Driving into work today hearing Steve Cooper play the classic "Seven Bridges Road", it dawned on me just how much Glenn Frey and the Eagles mattered to rock music. Even as a child of the 80's, someone who was too young to have witnessed their heyday, those songs are the soundtrack of my youth.

Like many fans of my generation who never had the chance to see them play, I was excited to see their reunion tour in 1994. I still vividly remember camping outside a local record store in suburban Denver to get tickets the morning they went on sale.

The first leg of the Hell Freezes Over Tour included three dates at Fiddler's Green Amphitheater. By the time my buddies and I had our numbers called in the ticket lottery, the first show was already sold out. Happily, we went ahead and bought our tickets for the second concert, which took place on June 15, 1994.

A veteran of many concerts by now, I wasn't a fan of the venue. The sound is terrible, there's a 10:30 p.m. curfew and the parking areas around Fiddler's sucked for tailgating. Nevertheless, this was The Eagles and we weren't going to let Fiddler's ruin this show for us.

The day of the concert, I piled into an old van with several friends and we headed south on I-25 to the suburb of Greenwood Village.  When we finally arrived, the parking lot party began. We cracked open a few cold ones and tailgated with fellow fans.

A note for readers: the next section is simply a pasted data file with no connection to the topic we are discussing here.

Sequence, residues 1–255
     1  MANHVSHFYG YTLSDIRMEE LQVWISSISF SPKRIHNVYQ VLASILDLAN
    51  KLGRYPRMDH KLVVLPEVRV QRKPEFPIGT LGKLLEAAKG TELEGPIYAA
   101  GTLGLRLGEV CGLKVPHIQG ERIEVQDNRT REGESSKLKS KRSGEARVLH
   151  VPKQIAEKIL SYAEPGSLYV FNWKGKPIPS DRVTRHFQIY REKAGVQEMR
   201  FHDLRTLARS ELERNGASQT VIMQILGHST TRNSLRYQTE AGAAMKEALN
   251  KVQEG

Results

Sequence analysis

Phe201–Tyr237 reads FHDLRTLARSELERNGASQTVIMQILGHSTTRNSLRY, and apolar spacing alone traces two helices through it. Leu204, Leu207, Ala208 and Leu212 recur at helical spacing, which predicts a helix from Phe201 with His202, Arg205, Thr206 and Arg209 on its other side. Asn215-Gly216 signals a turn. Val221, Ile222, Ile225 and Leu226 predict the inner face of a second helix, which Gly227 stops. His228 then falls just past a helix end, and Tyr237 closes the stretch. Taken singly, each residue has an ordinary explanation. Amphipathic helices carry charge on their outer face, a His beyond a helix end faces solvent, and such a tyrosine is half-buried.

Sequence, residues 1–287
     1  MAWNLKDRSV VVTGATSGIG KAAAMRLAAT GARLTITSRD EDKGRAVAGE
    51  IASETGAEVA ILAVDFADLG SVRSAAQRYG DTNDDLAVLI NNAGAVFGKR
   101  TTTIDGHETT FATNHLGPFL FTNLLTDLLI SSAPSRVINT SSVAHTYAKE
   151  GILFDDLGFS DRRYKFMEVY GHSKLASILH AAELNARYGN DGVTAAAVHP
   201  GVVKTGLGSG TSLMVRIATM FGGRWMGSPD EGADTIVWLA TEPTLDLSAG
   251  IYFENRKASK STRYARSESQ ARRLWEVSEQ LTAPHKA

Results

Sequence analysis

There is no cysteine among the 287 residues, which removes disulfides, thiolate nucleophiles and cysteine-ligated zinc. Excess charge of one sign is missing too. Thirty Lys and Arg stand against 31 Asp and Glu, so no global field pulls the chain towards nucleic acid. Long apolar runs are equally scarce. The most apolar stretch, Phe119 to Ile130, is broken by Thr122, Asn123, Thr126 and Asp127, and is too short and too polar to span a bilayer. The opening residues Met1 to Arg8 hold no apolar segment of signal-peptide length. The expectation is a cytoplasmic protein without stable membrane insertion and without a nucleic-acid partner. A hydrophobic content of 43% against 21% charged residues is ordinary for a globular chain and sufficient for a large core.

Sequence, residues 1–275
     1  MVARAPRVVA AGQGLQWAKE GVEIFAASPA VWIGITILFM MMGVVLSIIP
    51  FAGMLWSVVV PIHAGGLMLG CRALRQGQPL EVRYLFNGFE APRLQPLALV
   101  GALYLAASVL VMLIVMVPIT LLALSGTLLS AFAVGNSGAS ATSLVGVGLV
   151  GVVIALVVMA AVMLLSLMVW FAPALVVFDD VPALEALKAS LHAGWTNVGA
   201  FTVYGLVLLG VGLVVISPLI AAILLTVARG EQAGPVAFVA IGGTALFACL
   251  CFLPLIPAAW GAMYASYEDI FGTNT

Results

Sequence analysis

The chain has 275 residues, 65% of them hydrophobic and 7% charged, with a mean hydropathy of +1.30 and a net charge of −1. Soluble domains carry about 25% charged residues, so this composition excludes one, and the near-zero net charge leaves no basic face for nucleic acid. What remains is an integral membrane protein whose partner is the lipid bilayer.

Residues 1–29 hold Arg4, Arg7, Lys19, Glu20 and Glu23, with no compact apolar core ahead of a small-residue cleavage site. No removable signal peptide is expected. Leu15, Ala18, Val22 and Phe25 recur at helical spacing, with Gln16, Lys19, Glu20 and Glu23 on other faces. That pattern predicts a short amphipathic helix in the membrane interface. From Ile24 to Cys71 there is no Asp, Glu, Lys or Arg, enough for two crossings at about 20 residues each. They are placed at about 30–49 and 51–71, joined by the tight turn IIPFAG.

One of my buddies, Mikey (whose last name we won't mention), quickly graduated from beers to whiskey. As the afternoon progressed and show grew closer, Mikey had already polished off a bottle.

After walking to the venue and getting inside, we split off into several groups. I headed for the men's room, some of my pals secured a spot on the grass and Mikey hit up the beer vendor. Sadly, that would be the last time we saw Mikey that night.

As showtime quickly approached, we wondered what had happened to our friend. When the band came on, Mikey was still nowhere to be found. After the concert was over, we set out in search of our friend. We looked high and low and we couldn't find him anywhere. It wasn't until the next morning we heard the full story.

Evidently, as our friend was walking from the beer stand up to the green, double-fisting of course, he stumbled right in front of a police officer. After spilling both of his beers, the officer helped Mikey up, then cuffed him and took him over to the patty wagon.

According to my buddy, the patty wagon was so full that night, the police actually had to bring another vehicle to haul off all the drunks. Instead of witnessing the show that night, Mikey and a group of others performed an impromptu sing-along in the back of a van.

Luckily for his sake, he ended up spending the night in a Commerce City detox facility instead of a jail cell. Not only did he miss the chance to see his favorite band live, he got a $400 ticket in the mail two weeks later.

The next year, we saw the Eagles play again at Mile High Stadium. Fortunately, nobody in our group got hauled off to detox on that night. Although we probably should have been.

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